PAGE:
Japan swelters as heat wave prompts power crunch warning
Heat wave, fires damaging Tunisia’s grain harvest
TOKYO, June 27: Japan's government warned Monday of a power crunch as extreme heat hits the country, with temperature records toppling and Tokyo's rainy season declared over at the earliest date on record.
Temperatures of 35 degrees Celsius (95 degrees Fahrenheit) were forecast in Tokyo throughout Monday, and the mercury is not expected to drop below 34 until Sunday, according to the Japan Meteorological Agency (JMA).
The power warning was initially issued for late Monday afternoon, and was subsequently extended to cover the same time on Tuesday, because solar generation dips as the sun sets.
"We ask the public to reduce energy consumption during the early evening hours when the reserve ratio falls," Yoshihiko Isozaki, deputy chief cabinet secretary, told a regular press briefing.
But he warned that residents should do what was needed to stay cool and avoid heatstroke.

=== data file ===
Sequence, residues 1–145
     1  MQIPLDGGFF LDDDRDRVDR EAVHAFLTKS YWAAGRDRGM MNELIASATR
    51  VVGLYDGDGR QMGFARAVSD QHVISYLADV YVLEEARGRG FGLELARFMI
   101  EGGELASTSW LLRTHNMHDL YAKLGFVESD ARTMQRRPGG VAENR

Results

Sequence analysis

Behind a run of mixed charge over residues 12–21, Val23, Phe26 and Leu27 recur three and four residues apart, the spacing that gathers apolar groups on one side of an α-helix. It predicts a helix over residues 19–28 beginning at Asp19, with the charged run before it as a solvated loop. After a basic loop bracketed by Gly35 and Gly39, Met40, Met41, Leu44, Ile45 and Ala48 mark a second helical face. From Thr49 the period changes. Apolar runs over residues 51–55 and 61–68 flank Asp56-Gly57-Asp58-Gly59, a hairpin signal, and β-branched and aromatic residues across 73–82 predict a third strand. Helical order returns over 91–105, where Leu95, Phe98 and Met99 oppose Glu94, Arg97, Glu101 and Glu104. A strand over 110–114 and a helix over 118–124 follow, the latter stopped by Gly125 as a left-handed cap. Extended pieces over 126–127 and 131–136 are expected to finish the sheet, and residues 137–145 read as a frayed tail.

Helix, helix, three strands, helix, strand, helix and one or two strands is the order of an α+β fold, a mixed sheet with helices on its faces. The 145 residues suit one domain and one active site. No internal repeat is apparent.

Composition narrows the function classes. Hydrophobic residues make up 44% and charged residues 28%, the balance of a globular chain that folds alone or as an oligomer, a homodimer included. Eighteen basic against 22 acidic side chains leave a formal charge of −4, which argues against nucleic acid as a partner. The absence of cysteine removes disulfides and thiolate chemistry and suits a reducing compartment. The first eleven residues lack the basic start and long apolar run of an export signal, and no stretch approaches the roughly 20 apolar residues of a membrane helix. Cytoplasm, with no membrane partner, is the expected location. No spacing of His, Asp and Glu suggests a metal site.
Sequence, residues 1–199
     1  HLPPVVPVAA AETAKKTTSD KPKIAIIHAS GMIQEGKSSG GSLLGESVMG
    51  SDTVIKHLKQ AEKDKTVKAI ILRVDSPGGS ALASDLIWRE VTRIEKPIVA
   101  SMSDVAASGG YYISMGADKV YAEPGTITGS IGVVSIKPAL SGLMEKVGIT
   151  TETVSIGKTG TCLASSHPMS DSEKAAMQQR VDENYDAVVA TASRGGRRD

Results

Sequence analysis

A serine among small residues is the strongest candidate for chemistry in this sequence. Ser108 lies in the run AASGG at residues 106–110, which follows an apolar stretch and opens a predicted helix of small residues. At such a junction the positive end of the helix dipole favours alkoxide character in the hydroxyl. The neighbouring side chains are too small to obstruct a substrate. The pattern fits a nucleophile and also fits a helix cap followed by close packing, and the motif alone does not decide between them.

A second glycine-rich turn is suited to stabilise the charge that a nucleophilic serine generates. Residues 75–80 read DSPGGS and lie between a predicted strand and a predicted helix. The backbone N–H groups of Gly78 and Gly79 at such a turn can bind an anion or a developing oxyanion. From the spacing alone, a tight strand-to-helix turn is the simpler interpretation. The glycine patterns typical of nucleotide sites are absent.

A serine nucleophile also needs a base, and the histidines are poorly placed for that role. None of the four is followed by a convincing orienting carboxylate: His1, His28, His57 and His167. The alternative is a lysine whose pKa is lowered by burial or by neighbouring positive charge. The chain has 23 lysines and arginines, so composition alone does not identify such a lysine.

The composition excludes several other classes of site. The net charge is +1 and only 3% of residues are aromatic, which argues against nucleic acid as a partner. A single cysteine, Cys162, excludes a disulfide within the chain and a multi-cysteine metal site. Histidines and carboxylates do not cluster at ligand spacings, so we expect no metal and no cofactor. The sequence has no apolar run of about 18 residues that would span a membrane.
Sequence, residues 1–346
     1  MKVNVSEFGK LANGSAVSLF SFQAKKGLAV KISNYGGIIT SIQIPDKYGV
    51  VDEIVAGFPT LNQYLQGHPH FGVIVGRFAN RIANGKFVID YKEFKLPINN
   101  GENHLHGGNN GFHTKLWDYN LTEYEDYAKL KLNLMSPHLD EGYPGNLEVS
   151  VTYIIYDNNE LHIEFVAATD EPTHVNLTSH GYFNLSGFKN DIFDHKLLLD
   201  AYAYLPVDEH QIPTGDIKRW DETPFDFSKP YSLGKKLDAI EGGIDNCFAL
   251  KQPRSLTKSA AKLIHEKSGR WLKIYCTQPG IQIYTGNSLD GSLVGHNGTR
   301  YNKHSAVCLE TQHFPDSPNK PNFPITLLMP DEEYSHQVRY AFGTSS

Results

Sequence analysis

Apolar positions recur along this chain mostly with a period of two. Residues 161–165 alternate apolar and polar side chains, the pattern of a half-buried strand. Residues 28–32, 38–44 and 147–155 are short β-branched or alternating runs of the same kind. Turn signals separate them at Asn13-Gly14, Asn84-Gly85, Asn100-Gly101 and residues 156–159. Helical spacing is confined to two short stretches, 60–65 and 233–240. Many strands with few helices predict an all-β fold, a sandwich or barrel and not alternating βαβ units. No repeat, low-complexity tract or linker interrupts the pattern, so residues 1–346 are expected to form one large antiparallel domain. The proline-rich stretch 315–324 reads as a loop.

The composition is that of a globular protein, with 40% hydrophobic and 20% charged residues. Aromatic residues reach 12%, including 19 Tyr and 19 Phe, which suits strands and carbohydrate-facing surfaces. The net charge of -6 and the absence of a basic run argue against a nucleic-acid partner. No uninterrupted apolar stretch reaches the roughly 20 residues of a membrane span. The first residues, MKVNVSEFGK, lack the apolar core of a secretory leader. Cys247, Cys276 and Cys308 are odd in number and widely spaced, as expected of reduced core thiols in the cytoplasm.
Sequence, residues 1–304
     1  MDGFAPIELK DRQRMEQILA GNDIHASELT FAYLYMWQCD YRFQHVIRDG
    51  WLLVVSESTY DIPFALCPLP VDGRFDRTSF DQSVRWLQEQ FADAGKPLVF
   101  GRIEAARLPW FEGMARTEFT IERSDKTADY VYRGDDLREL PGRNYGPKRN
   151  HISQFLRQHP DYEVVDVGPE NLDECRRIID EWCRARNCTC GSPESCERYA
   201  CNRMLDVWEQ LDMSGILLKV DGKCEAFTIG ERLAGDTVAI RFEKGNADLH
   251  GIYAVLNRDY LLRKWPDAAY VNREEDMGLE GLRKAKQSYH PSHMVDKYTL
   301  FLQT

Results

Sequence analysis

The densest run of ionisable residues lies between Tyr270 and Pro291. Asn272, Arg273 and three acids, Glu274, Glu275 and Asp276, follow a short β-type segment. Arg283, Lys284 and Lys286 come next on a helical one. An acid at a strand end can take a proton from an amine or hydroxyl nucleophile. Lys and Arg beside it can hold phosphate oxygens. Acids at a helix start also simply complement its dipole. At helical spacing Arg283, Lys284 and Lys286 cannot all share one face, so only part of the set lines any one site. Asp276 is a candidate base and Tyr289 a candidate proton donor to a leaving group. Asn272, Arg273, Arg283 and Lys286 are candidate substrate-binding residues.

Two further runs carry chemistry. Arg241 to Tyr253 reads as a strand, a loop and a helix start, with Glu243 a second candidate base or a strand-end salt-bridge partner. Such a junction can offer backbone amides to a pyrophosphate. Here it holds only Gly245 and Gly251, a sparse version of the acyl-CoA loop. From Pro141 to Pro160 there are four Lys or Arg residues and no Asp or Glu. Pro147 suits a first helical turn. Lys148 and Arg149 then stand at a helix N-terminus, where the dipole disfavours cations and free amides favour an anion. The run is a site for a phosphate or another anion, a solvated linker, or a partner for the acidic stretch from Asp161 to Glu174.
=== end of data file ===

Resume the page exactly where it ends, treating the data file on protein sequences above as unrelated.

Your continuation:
Much of Japan would normally be experiencing rainy season at this time of year, but the JMA on Monday declared the season over in the Kanto region, home to Tokyo, and neighbouring Koshin area.
It was the earliest end to the season since records began in 1951 and a full 22 days earlier than usual.
The agency also declared an end to rainy season in central Japan's Tokai and part of southern Kyushu, saying this year's rainy season in these areas and Kanto-Koshin was the shortest on record.
On Sunday, Isesaki city in Gunma prefecture north of Tokyo logged the hottest temperature ever seen in Japan in June, at 40.2C.
Meanwhile, a heat wave and fires are badly damaging Tunisia's grain harvest, leading the farmers union to forecast that output will fall well short of government hopes.
Loss of grain production comes as the North African country struggles with food importation costs driven higher by the war in Ukraine.
Agriculture Minister Mhamoud Elyess Hamza this month forecast the 2022 grain harvest would reach 1.8 million tonnes, up 10% on last year's.
But farmers union official Mohamed Rejaibia, pointing to fires that began raging over much of the country last month, said that was no longer possible.
"The grain harvest will not be more than 1.4 million tonnes," said Rejaibia, a member of the union's executive office. "Some of it will be lost to fires and some perhaps during collection."
The union and experts say the crop also is suffering direct damage from high temperatures, which have already reached 47 Celsius (117 Fahrenheit) this summer and are forecast to go as high as 49 Celsius. Moreover, the heatwave is could hinder agricultural workers in collecting the harvest.